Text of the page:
Cascade Cliffs is a wall of unjointed granite that rises to 8,170 feet (2,490 m) AMSL, 1,930 feet (588 m) above the Merced River and make up the southern wall of Little Yosemite Valley at Mount Starr King, of which Cascade Cliffs comprises the northern flank. In few other places in the Yosemite region is the granite more continuously massive than in the Cascade Cliffs. Only one horizontal master joint divides the rock (in the lower left) The scales on the cliffs are merely surficial features due to exfoliation. The dark streaks indicate the paths followed by the ribbon cascades which descend from the upland in the spring, when the snow is melting, and from which the cliffs take their name. There are two wide, relatively short yet quite deep arches at the bottom of the cliff., 1.6 miles (3 km) southwest of Bunnell Point and 2.4 miles (4 km) northeast of
The Merced River enters Little Yosemite Valley at 6,185 feet (1,885 m) at the pool at the base of the cascade and leaves the valley at 5,907 feet (1,800 m) for a total elevation difference of 278 feet (85 m) over a trail length of 3.25 miles (5 km).
The trail is largely forested, with two notable areas of exposure, the first .1 miles (0 km) on the approach to the southwest buttress of Moraine Dome and the second, .25 miles (0 km) of burned forest, at approximately 2.3 miles (4 km) above Nevada Fall, across from Cascade Cliffs.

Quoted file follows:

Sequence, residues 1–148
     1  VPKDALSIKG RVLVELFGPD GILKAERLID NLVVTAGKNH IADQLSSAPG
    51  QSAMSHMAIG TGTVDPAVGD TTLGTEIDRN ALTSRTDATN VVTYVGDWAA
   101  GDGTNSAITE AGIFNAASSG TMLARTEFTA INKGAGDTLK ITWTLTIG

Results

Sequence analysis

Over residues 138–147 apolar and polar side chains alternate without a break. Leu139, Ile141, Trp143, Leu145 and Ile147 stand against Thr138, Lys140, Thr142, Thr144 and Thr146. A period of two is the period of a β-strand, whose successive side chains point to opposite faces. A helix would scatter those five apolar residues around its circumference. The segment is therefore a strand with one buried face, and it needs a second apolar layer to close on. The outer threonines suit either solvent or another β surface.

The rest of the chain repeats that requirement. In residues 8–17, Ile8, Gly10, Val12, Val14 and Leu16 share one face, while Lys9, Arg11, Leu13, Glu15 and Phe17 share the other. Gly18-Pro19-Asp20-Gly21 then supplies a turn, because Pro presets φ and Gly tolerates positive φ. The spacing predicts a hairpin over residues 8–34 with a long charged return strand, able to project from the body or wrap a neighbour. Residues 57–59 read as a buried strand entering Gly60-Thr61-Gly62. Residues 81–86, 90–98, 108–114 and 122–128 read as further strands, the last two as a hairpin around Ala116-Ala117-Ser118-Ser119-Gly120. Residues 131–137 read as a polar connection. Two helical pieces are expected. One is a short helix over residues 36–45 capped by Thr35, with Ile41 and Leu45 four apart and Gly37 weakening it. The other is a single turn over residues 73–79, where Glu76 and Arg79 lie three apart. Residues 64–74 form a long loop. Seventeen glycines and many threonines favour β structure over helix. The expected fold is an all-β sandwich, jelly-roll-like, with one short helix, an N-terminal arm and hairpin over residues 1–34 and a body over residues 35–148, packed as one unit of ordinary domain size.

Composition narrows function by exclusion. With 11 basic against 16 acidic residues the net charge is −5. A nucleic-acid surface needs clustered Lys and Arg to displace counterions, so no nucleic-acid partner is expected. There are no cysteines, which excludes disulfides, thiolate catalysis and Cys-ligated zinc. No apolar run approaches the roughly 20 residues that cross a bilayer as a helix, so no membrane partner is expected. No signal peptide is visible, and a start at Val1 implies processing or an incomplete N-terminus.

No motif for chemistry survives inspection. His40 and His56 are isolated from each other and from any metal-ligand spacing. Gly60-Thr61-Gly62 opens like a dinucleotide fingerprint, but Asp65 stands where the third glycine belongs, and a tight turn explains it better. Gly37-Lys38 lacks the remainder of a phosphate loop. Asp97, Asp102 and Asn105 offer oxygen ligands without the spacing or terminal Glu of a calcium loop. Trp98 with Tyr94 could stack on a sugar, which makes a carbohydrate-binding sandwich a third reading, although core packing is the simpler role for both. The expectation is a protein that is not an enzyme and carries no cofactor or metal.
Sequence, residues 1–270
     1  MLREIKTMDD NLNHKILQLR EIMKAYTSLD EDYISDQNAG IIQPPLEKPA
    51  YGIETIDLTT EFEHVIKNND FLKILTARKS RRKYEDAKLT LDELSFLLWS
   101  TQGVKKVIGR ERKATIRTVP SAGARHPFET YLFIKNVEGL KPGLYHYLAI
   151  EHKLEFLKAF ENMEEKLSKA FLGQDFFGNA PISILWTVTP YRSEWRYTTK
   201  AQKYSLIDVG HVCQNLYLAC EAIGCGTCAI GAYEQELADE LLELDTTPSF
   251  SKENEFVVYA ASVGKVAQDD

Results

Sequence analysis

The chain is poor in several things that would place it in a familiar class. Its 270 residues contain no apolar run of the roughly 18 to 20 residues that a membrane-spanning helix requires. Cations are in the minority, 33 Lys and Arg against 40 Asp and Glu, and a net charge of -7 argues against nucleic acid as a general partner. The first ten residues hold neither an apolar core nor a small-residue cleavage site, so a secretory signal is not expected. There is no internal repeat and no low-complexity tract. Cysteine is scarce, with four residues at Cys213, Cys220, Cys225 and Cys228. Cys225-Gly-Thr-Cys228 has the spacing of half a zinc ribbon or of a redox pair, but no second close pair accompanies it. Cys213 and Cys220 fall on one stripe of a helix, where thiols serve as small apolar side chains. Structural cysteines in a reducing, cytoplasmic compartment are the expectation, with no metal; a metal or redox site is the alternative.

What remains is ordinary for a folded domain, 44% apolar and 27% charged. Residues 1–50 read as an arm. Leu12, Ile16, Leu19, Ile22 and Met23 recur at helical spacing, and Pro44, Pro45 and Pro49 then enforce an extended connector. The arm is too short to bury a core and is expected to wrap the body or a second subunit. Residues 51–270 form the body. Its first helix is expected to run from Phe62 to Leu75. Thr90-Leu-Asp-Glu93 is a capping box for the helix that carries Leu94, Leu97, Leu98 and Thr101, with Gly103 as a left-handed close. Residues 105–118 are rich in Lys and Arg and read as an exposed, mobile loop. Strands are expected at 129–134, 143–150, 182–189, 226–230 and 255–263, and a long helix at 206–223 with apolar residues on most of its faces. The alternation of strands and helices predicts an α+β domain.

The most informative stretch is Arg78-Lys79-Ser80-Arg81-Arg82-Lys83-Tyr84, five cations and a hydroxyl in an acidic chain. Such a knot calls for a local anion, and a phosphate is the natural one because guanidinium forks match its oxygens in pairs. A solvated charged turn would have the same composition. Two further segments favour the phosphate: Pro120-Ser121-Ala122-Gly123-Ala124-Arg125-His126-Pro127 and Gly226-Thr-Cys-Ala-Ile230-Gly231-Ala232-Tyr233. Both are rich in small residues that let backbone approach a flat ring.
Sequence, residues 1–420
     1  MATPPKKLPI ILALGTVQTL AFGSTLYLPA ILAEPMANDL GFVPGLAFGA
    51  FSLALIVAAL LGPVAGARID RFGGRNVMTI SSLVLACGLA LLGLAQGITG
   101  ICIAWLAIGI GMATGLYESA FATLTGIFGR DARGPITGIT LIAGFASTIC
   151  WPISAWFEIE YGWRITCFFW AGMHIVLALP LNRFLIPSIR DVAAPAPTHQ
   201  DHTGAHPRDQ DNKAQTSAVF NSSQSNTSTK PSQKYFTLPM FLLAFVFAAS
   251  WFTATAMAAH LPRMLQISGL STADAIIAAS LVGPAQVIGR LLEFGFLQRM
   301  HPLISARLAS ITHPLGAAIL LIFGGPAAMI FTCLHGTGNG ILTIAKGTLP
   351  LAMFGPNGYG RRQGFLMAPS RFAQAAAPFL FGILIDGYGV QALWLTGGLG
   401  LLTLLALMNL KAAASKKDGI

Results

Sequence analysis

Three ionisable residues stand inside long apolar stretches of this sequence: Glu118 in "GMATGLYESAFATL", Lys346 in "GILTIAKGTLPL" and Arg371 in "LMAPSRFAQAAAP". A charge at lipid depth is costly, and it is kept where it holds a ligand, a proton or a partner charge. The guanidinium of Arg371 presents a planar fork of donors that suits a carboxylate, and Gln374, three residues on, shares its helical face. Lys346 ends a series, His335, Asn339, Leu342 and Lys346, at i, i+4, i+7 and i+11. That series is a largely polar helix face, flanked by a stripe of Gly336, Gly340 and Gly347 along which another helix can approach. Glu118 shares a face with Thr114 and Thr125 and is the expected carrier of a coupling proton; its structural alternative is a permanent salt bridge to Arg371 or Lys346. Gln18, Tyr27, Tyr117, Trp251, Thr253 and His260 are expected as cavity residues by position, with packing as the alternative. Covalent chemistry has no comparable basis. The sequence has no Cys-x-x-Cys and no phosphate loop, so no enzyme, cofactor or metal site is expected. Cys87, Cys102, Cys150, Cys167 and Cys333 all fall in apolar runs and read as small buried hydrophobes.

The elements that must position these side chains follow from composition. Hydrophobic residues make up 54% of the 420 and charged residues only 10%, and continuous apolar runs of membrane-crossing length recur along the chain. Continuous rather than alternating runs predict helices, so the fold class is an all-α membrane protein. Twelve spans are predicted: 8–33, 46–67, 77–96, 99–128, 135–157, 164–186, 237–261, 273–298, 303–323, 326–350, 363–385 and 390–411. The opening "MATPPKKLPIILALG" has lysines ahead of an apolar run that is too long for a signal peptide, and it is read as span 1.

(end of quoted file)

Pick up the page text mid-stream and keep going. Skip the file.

The hike-in campground here is a little under 4 miles (6.5 km) from the trailhead in Yosemite Valley and about 3.5 miles (5.5 km) from the summit of Half Dome at  Fires are allowed in the two communal campfire rings just outside the campground. Potable (drinking) water is not available at the campground. River water is available nearby, at the Merced River. The river is the only water source for the area. Little Yosemite Valley Ranger Station is staffed during summer. A composting toilet is available for use near the campground  The Park Service provides communal food lockers at the campground in which to store food, toiletries, and trash safe from abundant hungry black bears that frequent Little Yosemite..
|Wikimedia Commons has media related to Little Yosemite Valley.|
- "Little Yosemite Valley". Geographic Names Information System. United States Geological Survey.
- "Half Dome and Little Yosemite Valley". National Park Service. Retrieved 2008-05-08.
- François Matthes (1930). Geologic history of the Yosemite valley. United States Geological Survey. Retrieved 2011-09-25.
- "Liberty Cap, California". Peakbagger.com.
- François E. Matthes (1962). "François Matthes and the Marks of Time: Yosemite and the High Sierra (THE STORY OF MORAINE DOME)". The Sierra Club. Retrieved 2011-09-24.
- "Nevada Falls". Geoimages Project, University of California, Berkeley. Retrieved 2011-09-24.
- "Little Yosemite Valley". Yosemite Hikes. Retrieved 2011-09-24.